She really didn’t want to pose or hold still for pictures, as usual. She mostly just wanted to twirl! But at least you get the basic idea of how the skirt looks and fits. It’s a little on the large side, but I think it will fit her just right in the fall/winter this year. Since it’s aran weight acrylic it’s on the warm side anyway, so that will probably be just right.

This was a quick and easy knit. My favorite part of this design is the waistband. The clever construction means you don’t have to do any sewing, and it’s very easy to execute. Also, it lies nicely and is very neat. The pattern is sized from newborn up to 10 years, so is very versatile. I don’t love the yarn I chose, but I had it on hand and it was right for the job. I like the colors and I like that it’s machine washable. Also, skirts can get some heavy wear and tear. With this one, I won’t be upset if (when) she decides to sit down on the sidewalk or brick, or otherwise put it through the normal small child wringer.

Some tips if you are thinking of making this: always slip stitches with the yarn in back. Also, if you’re doing any stripes, I would recommend not changing colors right before the zigzag pattern–do it at least three rows before as the twists pull on the fabric a bit and will otherwise give the color change row an uneven look. Overall, this was a fun knit and I could see myself making it again.

Happy knitting!

The State of the Knitting Union or My First Blogiversary!

WordPress will likely not recognize my blogiversary until tomorrow. The reason for that is that, one year ago today, I posted my first post…just on a different platform (blogHer, specifically). While that’s an awesome platform, it wasn’t quite what I was looking for. So, one day later I moved that post to WordPress: And So It Begins.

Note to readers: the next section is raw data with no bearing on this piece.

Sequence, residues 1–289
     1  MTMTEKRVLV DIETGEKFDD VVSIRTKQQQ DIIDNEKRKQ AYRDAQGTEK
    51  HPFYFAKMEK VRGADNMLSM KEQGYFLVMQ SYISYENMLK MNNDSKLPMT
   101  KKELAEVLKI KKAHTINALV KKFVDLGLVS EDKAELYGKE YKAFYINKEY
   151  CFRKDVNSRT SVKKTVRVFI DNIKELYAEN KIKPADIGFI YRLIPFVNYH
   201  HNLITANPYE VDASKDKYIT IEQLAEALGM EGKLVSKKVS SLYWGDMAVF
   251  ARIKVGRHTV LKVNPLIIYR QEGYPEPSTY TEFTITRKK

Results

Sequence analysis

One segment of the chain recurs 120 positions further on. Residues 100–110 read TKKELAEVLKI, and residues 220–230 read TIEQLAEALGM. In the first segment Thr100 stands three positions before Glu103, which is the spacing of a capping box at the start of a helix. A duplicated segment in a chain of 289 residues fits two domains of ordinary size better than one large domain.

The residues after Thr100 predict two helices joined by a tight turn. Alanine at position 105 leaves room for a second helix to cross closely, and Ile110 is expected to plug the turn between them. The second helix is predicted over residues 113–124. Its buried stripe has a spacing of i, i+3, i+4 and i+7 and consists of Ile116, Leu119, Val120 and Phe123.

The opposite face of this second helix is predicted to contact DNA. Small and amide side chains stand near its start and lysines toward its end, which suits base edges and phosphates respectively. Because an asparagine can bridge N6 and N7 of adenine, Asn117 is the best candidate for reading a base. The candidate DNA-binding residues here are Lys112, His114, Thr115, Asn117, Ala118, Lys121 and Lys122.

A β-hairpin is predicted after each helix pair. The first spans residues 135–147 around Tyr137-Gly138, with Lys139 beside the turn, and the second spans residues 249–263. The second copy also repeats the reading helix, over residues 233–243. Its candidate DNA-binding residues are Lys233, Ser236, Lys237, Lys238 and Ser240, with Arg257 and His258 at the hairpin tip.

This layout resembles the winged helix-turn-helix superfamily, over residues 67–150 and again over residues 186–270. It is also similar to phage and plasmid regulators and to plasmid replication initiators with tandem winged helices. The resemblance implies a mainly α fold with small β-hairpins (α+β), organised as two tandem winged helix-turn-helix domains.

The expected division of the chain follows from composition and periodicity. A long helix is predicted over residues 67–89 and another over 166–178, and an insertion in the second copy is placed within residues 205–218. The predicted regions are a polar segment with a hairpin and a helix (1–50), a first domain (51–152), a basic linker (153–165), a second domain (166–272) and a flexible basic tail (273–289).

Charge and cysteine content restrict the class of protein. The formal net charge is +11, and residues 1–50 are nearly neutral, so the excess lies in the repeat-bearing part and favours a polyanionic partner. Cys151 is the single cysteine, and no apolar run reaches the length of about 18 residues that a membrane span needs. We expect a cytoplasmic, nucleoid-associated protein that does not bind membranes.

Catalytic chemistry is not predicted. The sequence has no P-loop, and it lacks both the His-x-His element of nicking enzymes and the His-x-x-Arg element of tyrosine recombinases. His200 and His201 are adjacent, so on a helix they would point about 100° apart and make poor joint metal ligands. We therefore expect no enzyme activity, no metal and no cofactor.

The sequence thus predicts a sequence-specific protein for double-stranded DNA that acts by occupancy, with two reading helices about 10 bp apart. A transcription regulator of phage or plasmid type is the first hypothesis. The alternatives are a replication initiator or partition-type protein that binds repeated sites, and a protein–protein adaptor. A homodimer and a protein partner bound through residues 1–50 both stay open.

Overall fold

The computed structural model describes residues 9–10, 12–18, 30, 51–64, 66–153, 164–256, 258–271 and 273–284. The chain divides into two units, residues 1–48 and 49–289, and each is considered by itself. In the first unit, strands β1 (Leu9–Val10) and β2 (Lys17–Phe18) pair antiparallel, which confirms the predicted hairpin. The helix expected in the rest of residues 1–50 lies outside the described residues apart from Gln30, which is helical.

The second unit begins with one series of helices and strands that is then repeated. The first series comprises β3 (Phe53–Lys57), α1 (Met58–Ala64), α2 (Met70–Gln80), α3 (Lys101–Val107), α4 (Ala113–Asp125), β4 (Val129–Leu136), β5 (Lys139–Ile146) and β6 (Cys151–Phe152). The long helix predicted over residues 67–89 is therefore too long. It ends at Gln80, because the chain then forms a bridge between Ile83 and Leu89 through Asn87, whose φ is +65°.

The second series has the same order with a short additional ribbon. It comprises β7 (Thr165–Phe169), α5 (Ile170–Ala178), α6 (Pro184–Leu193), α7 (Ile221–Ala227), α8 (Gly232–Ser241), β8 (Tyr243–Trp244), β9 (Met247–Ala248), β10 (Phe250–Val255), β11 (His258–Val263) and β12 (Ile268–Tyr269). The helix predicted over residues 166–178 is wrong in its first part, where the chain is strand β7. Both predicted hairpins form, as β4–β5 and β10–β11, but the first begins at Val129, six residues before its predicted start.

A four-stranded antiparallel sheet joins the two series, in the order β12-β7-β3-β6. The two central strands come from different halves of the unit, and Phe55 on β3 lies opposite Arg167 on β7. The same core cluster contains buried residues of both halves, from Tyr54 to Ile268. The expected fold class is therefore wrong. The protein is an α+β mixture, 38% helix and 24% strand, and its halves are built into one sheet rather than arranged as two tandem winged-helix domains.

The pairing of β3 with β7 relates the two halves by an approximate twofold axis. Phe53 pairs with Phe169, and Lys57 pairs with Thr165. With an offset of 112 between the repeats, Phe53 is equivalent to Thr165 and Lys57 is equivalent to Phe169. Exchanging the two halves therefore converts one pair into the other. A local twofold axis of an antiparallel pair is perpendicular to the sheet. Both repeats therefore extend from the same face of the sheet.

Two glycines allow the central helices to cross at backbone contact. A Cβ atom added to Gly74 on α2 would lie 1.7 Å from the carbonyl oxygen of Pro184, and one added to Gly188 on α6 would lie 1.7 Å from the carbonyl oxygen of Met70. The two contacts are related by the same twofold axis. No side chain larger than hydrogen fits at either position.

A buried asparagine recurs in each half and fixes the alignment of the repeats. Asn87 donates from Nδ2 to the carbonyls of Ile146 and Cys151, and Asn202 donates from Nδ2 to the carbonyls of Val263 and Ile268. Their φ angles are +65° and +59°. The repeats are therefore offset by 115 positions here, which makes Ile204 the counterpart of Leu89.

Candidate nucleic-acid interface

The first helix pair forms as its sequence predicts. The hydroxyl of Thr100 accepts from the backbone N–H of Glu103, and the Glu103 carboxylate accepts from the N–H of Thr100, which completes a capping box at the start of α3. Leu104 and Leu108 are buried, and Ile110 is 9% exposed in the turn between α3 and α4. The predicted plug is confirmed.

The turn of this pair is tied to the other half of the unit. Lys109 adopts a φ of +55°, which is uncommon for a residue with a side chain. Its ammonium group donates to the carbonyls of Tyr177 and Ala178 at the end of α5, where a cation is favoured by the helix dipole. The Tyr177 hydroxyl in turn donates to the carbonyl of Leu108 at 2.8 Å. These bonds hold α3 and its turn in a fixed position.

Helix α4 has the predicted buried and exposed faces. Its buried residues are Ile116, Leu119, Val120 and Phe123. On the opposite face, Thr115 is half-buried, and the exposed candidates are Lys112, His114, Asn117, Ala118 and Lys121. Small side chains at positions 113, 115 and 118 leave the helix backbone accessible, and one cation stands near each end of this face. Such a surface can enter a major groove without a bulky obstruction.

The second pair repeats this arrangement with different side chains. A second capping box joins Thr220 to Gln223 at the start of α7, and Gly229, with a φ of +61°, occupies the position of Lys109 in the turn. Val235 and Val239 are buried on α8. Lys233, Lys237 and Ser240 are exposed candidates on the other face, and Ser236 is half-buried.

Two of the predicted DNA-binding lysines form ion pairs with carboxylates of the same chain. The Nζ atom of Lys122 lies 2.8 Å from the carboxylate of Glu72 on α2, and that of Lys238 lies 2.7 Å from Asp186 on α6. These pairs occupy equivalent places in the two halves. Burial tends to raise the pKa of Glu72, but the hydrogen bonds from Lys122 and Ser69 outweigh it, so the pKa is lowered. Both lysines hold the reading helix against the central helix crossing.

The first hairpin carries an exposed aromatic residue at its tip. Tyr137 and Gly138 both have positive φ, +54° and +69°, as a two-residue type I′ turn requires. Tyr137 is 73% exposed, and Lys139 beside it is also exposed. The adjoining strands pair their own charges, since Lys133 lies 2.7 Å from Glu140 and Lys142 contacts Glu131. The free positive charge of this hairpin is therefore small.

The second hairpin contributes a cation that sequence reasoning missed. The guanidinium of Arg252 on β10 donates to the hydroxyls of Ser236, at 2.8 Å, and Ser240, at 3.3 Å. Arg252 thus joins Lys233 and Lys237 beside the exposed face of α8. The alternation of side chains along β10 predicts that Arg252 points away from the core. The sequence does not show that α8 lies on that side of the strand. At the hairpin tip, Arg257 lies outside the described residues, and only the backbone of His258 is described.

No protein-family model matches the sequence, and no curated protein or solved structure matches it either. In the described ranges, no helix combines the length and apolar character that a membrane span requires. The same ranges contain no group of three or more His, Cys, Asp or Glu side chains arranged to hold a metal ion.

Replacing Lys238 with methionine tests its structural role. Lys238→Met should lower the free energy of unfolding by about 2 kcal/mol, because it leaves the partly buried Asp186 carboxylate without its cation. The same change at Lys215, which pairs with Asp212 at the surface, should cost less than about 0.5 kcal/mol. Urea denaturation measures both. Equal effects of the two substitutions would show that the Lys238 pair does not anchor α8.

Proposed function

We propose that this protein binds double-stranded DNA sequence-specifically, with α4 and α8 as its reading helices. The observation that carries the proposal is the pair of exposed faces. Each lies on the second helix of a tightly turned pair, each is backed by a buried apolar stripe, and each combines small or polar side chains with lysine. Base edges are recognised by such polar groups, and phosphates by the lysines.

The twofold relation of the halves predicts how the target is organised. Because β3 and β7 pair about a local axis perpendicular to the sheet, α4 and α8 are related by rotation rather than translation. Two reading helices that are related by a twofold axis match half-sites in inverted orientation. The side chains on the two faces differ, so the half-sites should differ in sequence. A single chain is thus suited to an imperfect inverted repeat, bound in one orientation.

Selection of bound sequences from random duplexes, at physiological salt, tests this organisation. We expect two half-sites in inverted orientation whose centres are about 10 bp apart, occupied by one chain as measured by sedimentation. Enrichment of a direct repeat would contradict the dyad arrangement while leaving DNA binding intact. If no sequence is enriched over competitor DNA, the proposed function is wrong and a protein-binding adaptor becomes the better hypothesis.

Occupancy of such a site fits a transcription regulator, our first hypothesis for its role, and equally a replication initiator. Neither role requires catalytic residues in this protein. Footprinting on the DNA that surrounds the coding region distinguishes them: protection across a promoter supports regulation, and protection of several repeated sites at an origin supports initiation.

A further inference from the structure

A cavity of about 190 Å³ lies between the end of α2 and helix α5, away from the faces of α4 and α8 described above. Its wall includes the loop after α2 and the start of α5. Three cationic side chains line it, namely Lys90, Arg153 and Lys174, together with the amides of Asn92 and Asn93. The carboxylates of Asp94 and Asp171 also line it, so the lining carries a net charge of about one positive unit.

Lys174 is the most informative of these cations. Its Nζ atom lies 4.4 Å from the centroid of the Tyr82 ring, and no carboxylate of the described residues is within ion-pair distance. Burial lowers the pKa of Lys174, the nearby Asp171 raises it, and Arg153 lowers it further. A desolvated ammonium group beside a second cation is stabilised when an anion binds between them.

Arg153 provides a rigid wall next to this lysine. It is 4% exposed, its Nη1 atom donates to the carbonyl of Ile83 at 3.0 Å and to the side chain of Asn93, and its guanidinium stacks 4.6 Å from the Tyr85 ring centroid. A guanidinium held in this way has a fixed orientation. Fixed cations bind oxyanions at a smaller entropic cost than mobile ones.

Rereading that post now, I’m struck by a couple of things. First, why are the pics so small? Second, my year did not consist of nearly as much stashbusting as I had anticipated. Everything else seems pretty much on point!

I thought it would be nice to start something of a tradition for this day. However, since I like to keep my options open, I’m going to go on record and say that I reserve the right to change my own traditions based on my own whims, so who knows what I will post on July 4, 2017! What I do know is that for the past year, this blog has been very important to me. I’ve used it to build new community, talk (and talk, and talk, and talk) about all the nerdy little knitting details I want to discuss, and to channel my knitting mojo. By that I mean I’ve been able to gather up all the great energy and inspiration I’ve gotten from my interactions with people here and on their own blogs, and shunt it into my own knitting and back into my blogging. The knitting karma just keeps coming ’round!

So, let’s do a round up of sorts! In the past year, I have finished 68 projects. I did my first test knitting and completed 20 test projects. I knit with all different yarn weights and fibers, and made a ton of different types of things: my first knits for my daughter, my first shawls, my first socks, lots of hats, mitts and mittens, baby clothes, dresses, a few cowls…basically the kitchen sink. I did my second ever intarsia project and my first ever stranded colorwork projects. I even got almost all the way through my first original design. I grew so much as a knitter and, I think, as a blogger. None of this was based on goals or intentions as much as it was fueled by a drive to just keep knitting. Along the way, I felt compelled to talk about it, too.